Thursday, 20 October 2016

After the Raid .............. discovering the preparations for the Manchester Blitz

Nell lane after the air raid, 1940
I suppose for most people the sound of an air raid siren is one of those historic curiosities which feature as a backdrop to fictional accounts of the last war or accompany a TV documentary on the Blitz.

Now I was born four years after the war and will never have heard the warning alert or the all clear played in earnest.

But I remember watching my mother react to hearing them and in an instant she was back on some night waiting for the bombs to fall.

After the Raid, 1940

And just briefly a little of that fear caught me one summer’s day when at the height of the second Cold War in the 1980s the local police station tested their siren.

Of course all of that is now long gone, but occasionally you come across vivid reminders of that period.

There are still a few painted signs for EWS on walls which indicated the site of Emergency Water Supplies, and the odd gas mask appears at a jumble sale.*

But I doubt that many of the millions of leaflets issued by the Ministry of Home Security in the December of 1940 will have survived.

After all once the war was over few people I think would wanted to hang on to such a document and yet it is a fascinating piece of history.

AFTER THE RAID began “WHEN YOU HAVE been in the front line and taken it extra hard the country wants to look after you.  

For you have suffered in the national interests as well as in your own interest in the fight against Hitler.  If your home is damaged there is a great deal of help ready for you.”

Bombs over Chorlton, 1940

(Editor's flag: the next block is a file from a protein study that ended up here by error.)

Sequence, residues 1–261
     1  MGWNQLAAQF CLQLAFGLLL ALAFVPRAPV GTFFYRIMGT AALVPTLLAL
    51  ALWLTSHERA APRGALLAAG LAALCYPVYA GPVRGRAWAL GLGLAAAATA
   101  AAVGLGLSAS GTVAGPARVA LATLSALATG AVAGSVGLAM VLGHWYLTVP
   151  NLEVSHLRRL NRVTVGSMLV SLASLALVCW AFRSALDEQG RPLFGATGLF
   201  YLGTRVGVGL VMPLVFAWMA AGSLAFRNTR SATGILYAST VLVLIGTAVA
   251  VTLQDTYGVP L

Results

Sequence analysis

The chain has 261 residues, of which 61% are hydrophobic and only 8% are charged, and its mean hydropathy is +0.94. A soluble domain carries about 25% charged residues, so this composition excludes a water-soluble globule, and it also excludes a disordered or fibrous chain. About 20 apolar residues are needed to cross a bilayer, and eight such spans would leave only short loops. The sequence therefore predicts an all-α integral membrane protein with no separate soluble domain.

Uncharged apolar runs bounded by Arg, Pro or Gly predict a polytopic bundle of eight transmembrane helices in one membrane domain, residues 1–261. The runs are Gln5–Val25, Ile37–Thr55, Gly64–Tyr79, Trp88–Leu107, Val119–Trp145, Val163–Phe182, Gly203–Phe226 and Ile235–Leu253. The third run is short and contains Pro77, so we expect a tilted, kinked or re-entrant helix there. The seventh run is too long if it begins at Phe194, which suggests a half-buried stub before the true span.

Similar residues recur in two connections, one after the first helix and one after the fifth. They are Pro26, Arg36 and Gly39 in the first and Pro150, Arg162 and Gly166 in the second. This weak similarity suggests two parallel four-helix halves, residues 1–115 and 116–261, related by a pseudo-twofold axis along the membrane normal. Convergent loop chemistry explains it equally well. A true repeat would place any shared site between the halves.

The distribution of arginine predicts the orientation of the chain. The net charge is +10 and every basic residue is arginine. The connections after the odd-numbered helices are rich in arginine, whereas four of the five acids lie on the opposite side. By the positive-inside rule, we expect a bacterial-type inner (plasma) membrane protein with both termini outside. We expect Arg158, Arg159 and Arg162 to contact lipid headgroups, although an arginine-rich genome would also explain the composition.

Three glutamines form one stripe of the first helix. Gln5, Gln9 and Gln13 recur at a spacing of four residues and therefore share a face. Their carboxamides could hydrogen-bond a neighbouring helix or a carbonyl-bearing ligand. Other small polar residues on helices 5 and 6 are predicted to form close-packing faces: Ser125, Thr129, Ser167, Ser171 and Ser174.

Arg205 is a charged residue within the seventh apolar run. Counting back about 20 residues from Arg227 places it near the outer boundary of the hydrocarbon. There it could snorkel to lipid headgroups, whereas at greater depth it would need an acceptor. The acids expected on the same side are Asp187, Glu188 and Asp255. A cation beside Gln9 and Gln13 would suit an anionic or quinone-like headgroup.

And then went on to provide advice on preparing in advance, what do about food and shelter along with guidance on obtaining a new homes, tracing friends and relatives, compensation and repairs.

It makes chilling reading especially given that as it fell through the letter box many of our cities including our own were being hit nightly.
Chorlton received its fair share with most of the casualties during the Manchester Blitz just before the Christmas of 1940.

Have your plans ready 1940
Just how useful the leaflet would have been to those bombed out here I have no idea but it remains a tiny insight into what our parents and grandparents coped with.

Which just leaves me to thank David Harrop who lent me the leaflet from his collection which until recently was on display at his permanent exhibition of war time memorabilia at the Remembrance Lodge in Southern Cemetery.

Pictures; After the Raid, December 1940, Ministry of Home Security, from the collection of David Harrop,  the corner of Mauldeth Road and Nell Lane today courtesy of Brian Lee Whitworth and bomb damage at Nell Lane, 1940, courtesy of Manchester Libraries, Information and Archives, Manchester City Council, m09736,

*Beware such gas masks, many used asbestos in the filter and these may now prove a health hazard.

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